Elon Musk Revolutionizes Education for Children of SpaceX Employees
Pratyush Shrivastava / 4 years ago
“If you want something done right, do it yourself” is something that Elon Musk, CEO and CTO and Founder of SpaceX, CEO and Product Architect of Tesla Motors and Chairman of SolarCity, strongly believes in. He announced that he did not like his kids’ school, so he started his own in an interview on Beijing Television. The school is named “Ad Astra” which means “To the stars” and it does not have its own landing page or a social media presence yet.
“It’s important to teach problem solving, or teach to the problem and not the tools,” Musk said. “Let’s say you’re trying to teach people about how engines work. A more traditional approach would be saying, ‘We’re going to teach all about screwdrivers and wrenches.’ This is a very difficult way to do it. A much better way would be, like, ‘Here’s the engine. Now let’s take it apart. How are we gonna take it apart? Oh you need a screwdriver!‘“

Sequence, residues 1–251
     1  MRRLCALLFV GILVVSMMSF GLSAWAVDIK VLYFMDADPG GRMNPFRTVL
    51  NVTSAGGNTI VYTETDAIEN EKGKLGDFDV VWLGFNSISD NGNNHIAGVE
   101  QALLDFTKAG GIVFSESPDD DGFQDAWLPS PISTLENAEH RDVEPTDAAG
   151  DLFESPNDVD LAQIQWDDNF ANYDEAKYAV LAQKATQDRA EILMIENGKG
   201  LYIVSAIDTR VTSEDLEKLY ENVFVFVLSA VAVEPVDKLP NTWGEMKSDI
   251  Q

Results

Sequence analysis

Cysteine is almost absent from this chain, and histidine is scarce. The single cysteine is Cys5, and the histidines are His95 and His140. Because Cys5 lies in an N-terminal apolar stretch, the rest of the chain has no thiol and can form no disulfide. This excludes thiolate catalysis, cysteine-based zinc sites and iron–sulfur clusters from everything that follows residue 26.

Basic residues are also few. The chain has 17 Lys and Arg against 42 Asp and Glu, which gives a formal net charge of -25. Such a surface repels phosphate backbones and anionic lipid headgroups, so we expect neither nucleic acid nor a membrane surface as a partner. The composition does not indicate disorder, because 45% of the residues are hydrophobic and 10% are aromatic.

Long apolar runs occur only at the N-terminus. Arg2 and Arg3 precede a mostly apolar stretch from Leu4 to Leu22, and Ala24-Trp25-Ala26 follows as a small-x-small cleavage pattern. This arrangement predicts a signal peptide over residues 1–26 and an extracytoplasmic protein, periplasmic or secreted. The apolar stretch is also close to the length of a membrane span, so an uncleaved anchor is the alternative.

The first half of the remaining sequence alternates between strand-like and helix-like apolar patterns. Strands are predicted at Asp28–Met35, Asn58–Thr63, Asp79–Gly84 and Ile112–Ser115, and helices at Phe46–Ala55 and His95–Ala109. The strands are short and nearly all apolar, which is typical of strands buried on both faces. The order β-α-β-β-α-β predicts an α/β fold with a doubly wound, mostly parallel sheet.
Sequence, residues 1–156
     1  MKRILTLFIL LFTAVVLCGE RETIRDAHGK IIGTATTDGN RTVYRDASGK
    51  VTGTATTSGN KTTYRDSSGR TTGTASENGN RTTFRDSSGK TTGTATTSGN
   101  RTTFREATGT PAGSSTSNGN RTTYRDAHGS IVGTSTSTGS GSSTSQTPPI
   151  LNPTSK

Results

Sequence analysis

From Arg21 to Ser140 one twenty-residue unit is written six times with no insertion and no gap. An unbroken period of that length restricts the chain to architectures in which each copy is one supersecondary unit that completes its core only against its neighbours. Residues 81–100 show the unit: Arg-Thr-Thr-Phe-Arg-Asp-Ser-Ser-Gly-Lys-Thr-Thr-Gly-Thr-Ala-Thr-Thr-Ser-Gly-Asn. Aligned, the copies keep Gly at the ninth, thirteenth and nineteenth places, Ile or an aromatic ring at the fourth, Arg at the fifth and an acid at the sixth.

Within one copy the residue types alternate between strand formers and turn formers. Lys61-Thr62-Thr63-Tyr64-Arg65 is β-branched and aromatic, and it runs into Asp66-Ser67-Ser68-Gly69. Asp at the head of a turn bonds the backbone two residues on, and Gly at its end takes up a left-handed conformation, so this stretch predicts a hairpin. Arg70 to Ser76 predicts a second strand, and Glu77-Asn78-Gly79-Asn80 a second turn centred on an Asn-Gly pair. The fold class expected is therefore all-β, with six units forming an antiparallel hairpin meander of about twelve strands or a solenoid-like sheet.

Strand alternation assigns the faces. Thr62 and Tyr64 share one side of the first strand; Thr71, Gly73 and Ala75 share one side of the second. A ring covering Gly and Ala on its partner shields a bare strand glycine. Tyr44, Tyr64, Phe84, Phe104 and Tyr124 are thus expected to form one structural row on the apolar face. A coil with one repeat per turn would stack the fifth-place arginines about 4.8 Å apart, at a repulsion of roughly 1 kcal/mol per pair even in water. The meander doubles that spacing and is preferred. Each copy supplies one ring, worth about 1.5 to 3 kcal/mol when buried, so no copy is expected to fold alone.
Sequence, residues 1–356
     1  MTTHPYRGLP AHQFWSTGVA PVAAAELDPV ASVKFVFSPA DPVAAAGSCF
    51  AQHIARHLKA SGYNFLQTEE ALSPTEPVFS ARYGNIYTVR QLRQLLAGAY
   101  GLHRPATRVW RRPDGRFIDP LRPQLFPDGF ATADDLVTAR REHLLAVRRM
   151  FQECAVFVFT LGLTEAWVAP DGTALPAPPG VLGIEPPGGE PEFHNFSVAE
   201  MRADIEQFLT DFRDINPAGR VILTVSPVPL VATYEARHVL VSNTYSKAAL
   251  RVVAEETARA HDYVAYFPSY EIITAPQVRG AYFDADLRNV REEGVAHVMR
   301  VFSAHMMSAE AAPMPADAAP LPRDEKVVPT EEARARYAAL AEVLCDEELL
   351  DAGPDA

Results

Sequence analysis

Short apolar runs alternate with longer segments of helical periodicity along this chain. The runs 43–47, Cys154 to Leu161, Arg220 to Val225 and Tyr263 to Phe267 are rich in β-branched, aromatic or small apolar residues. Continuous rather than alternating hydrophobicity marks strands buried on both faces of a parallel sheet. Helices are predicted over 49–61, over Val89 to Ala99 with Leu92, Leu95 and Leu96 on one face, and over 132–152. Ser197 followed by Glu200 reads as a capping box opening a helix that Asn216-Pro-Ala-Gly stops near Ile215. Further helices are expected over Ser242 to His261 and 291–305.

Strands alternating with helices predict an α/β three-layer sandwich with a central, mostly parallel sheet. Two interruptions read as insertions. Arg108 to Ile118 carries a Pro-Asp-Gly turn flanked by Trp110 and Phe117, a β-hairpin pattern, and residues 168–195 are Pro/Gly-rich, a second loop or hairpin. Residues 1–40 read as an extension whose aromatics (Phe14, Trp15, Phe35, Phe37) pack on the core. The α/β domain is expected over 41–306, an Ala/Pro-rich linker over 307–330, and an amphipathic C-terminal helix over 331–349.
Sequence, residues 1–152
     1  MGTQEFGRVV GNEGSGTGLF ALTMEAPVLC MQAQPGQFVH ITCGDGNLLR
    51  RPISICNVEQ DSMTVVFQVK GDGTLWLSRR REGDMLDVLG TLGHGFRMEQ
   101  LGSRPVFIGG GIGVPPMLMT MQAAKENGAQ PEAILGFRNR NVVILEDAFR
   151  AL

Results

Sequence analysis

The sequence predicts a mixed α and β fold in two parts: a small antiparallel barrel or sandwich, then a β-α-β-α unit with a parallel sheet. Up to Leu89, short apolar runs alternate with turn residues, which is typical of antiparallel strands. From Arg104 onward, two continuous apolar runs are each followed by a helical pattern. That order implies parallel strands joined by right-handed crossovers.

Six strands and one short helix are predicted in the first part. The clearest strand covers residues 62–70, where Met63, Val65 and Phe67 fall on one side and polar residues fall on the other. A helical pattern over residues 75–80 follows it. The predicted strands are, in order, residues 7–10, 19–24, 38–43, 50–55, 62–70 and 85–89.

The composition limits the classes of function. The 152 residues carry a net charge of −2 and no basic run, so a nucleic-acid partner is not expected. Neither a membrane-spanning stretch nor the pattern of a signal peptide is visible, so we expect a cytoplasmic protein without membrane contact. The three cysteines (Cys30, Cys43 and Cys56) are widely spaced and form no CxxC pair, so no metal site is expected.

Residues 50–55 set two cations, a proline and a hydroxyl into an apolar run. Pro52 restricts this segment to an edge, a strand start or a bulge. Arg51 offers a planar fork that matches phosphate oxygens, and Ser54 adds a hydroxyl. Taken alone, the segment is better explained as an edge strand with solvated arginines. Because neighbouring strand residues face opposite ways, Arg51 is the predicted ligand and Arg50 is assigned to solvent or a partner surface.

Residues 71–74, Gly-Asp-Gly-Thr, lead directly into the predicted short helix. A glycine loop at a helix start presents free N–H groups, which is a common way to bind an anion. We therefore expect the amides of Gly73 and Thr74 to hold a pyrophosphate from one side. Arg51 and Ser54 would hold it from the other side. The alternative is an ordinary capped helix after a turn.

He says that Ad Astra currently has 14 kids and will increase to 20 in September and it is in its first year after launch. The school does not have any grade levels such that there is no distinction between students in 1st grade and 3rd. He is “making all the children go through the same grade at the same time, like an assembly line,” he says in the interview.
“Some people love English or languages. Some people love math. Some people love music. Different abilities, different times,” he says. “It makes more sense to cater the education to match their aptitudes and abilities.”
The school program is small and experimental at the moment, but considering its approach, it shouldn’t for too long. This is a significant step taken in the direction to improve the teaching methods and education pattern overall. It is nice to see folks doing such advancements in the field of humanity. What are your thoughts on this? Let us know them in the comments section.
Thank you The Verge for providing us with this information.
Image courtesy of Business Insider.